Co-opetition : the new mantra for business growth & survival

Hello everyone,

Here we go with the first post of Q2, 2013………

CHARTING OWN COURSE

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In a highly symbolic show of unity in Durban in late March; leaders of Brazil, Russia, India, China, South Africa (collectively referred to as the BRICS) agreed to create a development bank to create funding for infrastructure projects in a potentially historic challenge to western-dominated financial institutions [The Guardian]. While various technical details need to be hammered out, the BRICS bank could potentially rival the World Bank. Other developing countries are  eventually expected to be invited to join the bank. Per a recent column in the Business Standard, ” the richest nations can stew about this turn of events, as those on the periphery of the world economic system start seeing themselves as the core. Or developed countries can look in the mirror, and consider how their actions have helped accelerate the shift.”

The concept may be considered outlandish and fraught with consensus on minute details that have yet to be discussed…..but the seed has been sown. Lets wait and watch as to how it slowly fructifies.

TAPERING OFF ?

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The International Monetary Fund [IMF] has jumped into the climate change debate and globally, is against government energy subsidies. Its latest report calls for an end to energy subsidies across the board (about $1.9 trillion annually around the world) OR for these subsidies to be offset with taxes that could pay for expensive social programs [Oil and Energy Insider]. Essentially, the IMF is subscribing to the idea of a “sin tax” on fossil fuels to reduce consumption and raise money for other sectors.

Coming at a time when many nations are toying with the idea of a gradual cutback in subsidies in the coming years, the IMF’s school of thought should not be surprising.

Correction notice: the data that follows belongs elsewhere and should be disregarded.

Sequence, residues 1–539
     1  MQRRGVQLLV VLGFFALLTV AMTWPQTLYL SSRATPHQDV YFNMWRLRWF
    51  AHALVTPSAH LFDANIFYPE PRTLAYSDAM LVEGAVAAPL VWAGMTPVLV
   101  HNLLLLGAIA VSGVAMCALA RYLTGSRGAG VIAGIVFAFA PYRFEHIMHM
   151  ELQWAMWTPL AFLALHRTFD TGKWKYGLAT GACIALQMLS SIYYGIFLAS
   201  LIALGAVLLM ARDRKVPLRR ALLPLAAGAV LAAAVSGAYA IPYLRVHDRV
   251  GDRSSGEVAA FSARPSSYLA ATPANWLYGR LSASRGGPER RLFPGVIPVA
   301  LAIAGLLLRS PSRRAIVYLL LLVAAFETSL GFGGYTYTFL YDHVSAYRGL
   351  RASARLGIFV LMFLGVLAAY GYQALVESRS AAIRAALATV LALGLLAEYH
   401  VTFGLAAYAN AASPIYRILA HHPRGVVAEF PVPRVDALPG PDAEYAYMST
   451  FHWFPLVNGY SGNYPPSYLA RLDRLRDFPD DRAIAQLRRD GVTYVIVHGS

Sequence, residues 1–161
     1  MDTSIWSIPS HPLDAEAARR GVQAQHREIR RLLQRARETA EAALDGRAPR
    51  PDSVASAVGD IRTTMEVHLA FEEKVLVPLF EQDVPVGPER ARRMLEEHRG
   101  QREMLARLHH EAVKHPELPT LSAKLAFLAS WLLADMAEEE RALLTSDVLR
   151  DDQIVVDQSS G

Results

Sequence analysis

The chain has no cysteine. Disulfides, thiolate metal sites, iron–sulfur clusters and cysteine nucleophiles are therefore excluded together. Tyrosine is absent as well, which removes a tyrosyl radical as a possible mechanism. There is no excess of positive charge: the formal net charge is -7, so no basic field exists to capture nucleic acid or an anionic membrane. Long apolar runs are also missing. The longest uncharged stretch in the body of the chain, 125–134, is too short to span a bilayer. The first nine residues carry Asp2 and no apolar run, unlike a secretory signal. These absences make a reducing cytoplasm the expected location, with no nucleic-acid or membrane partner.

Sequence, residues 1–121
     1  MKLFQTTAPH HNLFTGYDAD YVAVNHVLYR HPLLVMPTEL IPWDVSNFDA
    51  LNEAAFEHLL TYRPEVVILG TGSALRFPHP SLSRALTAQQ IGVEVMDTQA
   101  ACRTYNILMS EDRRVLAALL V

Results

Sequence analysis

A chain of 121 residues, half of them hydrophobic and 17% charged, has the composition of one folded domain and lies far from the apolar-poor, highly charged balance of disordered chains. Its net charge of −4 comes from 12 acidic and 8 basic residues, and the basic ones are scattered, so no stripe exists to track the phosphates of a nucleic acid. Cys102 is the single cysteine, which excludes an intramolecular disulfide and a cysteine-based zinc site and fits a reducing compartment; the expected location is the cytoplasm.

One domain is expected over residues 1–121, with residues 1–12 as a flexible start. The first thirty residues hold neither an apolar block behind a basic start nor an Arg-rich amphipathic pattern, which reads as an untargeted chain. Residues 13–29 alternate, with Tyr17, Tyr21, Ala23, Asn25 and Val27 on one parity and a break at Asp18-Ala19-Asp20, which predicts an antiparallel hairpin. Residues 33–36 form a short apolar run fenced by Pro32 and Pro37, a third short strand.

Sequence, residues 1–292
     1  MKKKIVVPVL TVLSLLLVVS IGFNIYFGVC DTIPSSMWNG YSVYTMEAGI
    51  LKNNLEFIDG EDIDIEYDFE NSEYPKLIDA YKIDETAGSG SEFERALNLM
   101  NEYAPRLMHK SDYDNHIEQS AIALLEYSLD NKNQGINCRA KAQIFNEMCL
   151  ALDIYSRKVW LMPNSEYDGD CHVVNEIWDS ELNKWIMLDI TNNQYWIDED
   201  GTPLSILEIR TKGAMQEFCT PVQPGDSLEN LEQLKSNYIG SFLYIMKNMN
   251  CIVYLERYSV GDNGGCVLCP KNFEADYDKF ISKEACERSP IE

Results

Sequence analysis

NOD TO COMPOSITES

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Admittedly, the building and construction sector has had a conservative approach in use of composites over the years. The American Composites Manufacturers Association [ACMA] actively initiated work several years back to modify the International Building Code in an effort to create greater awareness on environmental sustainability of composites. This culminated in the International Code Council [ICC] voting in 2009 to allow use of composite materials for both interior and exterior wall applications as reflected in the code’s latest edition : IBC, Chapter 26,” Plastic ” and Sub-section 12 ,” Fiber reinforced Polymer” [Composites World]. While Europeans rely on the Eurocode; in the Middle East and Asia, codes tend to be a mix of U.S. and British standards. The fact that designers are beginning to actively interact with architects at the drawing board stage itself to highlight the advantages of composites in reducing building dead load/smaller foundation & manageable seismic design and the resulting favorable life-cycle analyses; are definite pointers to the growing acceptance of composites, albeit slowly [Reinforced Plastics].

Just goes to prove that architects’ minds need not necessarily be set like concrete… with the right approach, they can be flexible.

UPPING THE ANTE

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The addition of liquid epoxidized natural rubber to epoxy resin matrix in an E-glass fiber reinforced composites threw up interesting results on the resultant mechanical properties at varying glass fiber loadings. It was observed that the presence of liquid epoxidized natural rubber improved the flexural strength & modulus, tensile strength & Young’s modulus and impact strength (up to a certain % loading of glass fiber by weight)  due to the plasticizing effect of the rubber particles in the matrix. Thermogravimetric analysis (TGA) revealed the thermal stability of the composites, while the scanning electron microscopy(SEM) revealed a heterogeneous dispersed phase of morphology. Adhesion was reported to be poor if untreated glass fiber was used, which is to be expected [Sciencia].